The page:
The Managed Care Committee is responsible for policy development on matters that affect the environment between health plans and hospitals. The Committee reviews and provides policy recommendations on legislation and regulations regarding managed care and reimbursement. The Managed Care Committee also participates in developing advocacy priorities with the Legislature and regulatory agencies like the Department of Managed Health Care and the Department of Insurance.
For more information, contact Dietmar Grellmann, senior vice president, managed care & professional services, at (916) 552-7572.
January 21, 2014
10:00 a.m. – 12:00 p.m., Pacific Time
Hospitals are required to be ICD-10 compliant on Oct 1, 2014 — less than 10 months away. Transition to the new system will be exceptionally complex. Diagnosis codes will jump from 13,000 under ICD-9 to over 68,000 with ICD-10 and procedure codes will increase from 4,000 to 87,000, respectively. This webinar will help providers understand the financial impact of ICD-10 on their organization and adequately plan for coming change.
Yesterday, the U.S. Department of Health and Human Services (HHS) issued guidance regarding whether qualified health plans (QHPs) are considered federal health care programs under section 1128B of the Social Security Act. HHS concluded that it does not consider QHPs, other programs related to the federally facilitated marketplace, and programs under Title I of the Affordable Care Act to be federal health care programs.
Because the federal anti-kickback statute only applies to federal health care programs, it will not apply to qualified health plans and, as a result, will not be a barrier for hospitals or health systems that wish to subsidize premiums for health plans purchased on the exchanges for individuals in need of assistance. However, California providers may still face risks under state law if they offer premium assistance programs. It is possible that this risk may be addressed by participating in a properly structured foundation; hospitals should seek the advice of counsel. The rules are more clear when applied to a Certified Enrollment Entity (CEE) and Certified Enrollment Counselor (CEC). Recent regulations adopted by Covered California prohibit a CEE or CEC from paying any part of the premium to or on behalf of an enrollee. These regulations would apply to a hospital that is a CEE.
The U.S. Department of Health & Human Services (HHS) has released guidance regarding the penalty dates related to the individual shared responsibility provision under the Affordable Care Act (ACA). The length of the initial open enrollment period and the coverage effective dates, in tandem with the terms of the short coverage gap exemption, inadvertently created the possibility that an individual who enrolled in coverage through a marketplace (exchange) during an initial open enrollment period could be liable for a shared responsibility payment for months prior to the effective date of that coverage, if the individual was not otherwise exempt. According to the new guidance, HHS recognizes that the duration of the initial open enrollment period implies that individuals have until the end of the initial open enrollment period to enroll in coverage through a marketplace while avoiding liability for the shared responsibility payment.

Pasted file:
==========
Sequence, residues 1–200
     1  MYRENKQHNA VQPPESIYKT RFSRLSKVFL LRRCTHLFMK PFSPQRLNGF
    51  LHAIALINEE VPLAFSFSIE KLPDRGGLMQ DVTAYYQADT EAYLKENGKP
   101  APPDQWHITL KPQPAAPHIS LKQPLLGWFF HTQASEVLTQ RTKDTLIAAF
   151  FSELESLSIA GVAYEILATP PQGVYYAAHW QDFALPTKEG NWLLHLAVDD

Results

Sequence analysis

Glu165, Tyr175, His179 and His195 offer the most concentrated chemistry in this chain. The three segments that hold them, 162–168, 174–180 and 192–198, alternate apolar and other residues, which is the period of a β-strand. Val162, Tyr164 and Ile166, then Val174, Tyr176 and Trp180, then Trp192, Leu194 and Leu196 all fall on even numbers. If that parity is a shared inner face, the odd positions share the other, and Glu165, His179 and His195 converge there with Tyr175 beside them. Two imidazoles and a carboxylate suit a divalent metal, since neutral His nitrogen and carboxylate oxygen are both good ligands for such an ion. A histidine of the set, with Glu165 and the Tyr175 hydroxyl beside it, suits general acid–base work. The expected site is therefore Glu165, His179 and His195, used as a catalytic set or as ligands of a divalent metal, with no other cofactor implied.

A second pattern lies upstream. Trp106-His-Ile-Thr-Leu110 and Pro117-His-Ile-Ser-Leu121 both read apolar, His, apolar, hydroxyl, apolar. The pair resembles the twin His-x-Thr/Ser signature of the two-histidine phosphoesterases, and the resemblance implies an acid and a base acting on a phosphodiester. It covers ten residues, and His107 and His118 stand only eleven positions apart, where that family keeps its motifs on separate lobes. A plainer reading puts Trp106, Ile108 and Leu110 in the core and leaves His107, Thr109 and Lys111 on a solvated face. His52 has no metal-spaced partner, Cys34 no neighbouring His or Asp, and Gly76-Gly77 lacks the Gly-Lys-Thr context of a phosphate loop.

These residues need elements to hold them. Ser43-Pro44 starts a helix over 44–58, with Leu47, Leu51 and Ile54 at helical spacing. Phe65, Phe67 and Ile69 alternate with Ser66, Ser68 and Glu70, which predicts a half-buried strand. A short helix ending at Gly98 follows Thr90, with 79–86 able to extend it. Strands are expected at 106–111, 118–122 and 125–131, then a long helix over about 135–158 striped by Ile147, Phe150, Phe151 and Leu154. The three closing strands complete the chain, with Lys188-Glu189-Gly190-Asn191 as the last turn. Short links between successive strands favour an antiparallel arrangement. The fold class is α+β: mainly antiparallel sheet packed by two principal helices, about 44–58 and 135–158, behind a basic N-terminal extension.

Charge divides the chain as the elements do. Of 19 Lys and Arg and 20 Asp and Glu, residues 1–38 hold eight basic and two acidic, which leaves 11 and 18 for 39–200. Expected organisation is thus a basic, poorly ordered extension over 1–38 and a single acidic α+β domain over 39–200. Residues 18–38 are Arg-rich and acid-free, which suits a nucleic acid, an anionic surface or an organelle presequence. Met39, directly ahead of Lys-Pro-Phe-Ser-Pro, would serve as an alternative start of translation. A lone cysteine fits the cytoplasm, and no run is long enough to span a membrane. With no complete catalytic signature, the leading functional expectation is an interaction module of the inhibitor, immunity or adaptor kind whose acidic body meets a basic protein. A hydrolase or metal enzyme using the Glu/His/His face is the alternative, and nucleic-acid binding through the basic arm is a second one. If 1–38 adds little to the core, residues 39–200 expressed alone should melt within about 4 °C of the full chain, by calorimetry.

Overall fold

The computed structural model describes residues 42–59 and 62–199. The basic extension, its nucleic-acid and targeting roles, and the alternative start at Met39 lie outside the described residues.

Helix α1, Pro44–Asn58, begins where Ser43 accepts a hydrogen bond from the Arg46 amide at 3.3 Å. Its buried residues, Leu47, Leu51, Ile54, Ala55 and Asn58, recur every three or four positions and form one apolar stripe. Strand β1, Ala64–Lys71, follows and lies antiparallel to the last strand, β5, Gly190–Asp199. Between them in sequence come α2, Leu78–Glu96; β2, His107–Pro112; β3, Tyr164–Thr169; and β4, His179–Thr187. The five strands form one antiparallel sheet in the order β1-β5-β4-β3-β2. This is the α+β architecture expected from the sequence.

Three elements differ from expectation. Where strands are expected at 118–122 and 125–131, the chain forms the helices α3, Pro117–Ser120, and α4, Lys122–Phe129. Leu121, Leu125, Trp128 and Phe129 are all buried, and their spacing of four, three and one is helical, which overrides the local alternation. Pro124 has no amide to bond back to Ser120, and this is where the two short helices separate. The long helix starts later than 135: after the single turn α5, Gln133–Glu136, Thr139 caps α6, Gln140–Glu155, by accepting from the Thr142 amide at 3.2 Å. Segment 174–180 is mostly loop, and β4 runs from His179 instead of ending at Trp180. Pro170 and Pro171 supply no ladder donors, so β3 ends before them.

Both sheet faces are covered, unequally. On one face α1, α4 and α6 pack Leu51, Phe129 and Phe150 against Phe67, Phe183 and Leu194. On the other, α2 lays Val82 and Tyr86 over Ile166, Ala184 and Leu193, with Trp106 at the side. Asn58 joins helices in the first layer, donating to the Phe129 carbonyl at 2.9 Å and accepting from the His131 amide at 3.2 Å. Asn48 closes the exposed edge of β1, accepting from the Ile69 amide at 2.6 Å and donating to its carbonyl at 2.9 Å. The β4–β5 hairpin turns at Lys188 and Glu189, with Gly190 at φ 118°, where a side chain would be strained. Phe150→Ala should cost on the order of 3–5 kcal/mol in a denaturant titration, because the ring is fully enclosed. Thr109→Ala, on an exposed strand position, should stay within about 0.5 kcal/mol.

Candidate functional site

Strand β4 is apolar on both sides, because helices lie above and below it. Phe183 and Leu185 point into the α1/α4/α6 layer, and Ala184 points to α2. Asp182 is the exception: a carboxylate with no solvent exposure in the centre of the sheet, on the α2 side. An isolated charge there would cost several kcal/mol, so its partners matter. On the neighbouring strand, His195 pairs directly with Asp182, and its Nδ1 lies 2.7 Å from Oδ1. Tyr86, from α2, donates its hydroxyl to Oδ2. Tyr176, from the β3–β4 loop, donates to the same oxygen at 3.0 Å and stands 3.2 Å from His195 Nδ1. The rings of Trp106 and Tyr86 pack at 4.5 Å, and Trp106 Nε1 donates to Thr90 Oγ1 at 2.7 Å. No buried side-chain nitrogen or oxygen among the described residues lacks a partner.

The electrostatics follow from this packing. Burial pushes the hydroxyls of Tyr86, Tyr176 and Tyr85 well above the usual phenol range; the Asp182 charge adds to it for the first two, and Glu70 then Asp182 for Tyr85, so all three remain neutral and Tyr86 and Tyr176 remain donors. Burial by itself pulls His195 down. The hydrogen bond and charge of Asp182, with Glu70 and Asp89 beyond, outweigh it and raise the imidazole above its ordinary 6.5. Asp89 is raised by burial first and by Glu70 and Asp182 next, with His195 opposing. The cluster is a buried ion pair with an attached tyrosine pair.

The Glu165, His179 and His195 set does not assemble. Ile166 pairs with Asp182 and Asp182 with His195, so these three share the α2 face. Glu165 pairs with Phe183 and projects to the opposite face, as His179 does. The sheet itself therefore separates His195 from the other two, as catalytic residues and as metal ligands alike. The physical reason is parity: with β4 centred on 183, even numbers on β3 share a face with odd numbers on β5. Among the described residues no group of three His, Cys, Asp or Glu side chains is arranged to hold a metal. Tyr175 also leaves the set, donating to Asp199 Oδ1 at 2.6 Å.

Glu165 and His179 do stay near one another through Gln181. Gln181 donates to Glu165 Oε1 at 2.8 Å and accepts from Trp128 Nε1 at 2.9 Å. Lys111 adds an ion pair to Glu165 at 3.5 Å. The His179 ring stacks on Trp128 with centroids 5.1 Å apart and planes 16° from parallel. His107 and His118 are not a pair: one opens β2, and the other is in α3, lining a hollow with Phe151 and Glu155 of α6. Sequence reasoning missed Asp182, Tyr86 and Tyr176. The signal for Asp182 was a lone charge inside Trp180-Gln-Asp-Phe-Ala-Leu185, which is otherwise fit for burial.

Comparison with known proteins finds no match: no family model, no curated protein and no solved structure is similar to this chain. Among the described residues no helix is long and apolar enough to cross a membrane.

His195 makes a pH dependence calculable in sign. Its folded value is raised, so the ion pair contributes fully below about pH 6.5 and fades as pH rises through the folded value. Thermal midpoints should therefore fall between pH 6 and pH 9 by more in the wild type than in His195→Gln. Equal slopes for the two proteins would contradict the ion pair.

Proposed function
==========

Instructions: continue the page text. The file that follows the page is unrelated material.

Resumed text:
Last week, the Centers for Medicare & Medicaid Services (CMS) issued the attached rule finalizing policies from its proposed rule titled “Program Integrity: Exchange, SHOP, Premium Stabilization Programs, and Market Standards,” published June 19. The rule also finalizes eligibility and Small Business Health Options Program (SHOP) appeals provisions from the proposed rule titled “Essential Health Benefits in Alternative Benefit Plans, Eligibility Notices, Fair Hearing and Appeal Procedures for Medicaid and Exchange Eligibility Appeals,” published January 22.
On Aug.15, the California Department of Health Care Services (DHCS) and the UCLA Center for Health Policy Research will conduct a conference in Sacramento to provide an overview of the Low Income Health Program (LIHP) transition and to solicit stakeholder feedback. The conference, also offered in webinar format, will be held from 9 a.m. to 4 p.m. at the Sacramento Convention Center. DHCS invites all LIHP stakeholders to participate, including those at the state, legislative, administration and county level, as well as LIHP advocates. Discussion items include the LIHP transition, including information on Covered California, Medi-Cal managed care plans, data sharing and more. Registration is free but space is limited. Visit the DHCS online registration site for more information.
Last week the U.S. Department of Health and Human Services (HHS) released its long-awaited final rule related to affordable insurance exchanges, also called health insurance marketplaces. The final rule implements specific exchange functions, including determining eligibility for and granting certificates of exemption from the individual shared responsibility payment (IRS code section 5000A).